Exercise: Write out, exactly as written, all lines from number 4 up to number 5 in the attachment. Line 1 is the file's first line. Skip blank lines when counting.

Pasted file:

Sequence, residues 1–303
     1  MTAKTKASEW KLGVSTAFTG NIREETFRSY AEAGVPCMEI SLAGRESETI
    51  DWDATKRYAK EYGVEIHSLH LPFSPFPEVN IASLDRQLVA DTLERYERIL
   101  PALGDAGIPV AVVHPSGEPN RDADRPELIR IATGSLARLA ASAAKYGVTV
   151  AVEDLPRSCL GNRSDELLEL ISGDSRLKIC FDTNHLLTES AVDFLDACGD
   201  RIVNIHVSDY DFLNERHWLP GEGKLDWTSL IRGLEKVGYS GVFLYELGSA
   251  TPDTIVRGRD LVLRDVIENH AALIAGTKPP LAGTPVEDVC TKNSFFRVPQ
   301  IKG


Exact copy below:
   101  PALGDAGIPV AVVHPSGEPN RDADRPELIR IATGSLARLA ASAAKYGVTV
   151  AVEDLPRSCL GNRSDELLEL ISGDSRLKIC FDTNHLLTES AVDFLDACGD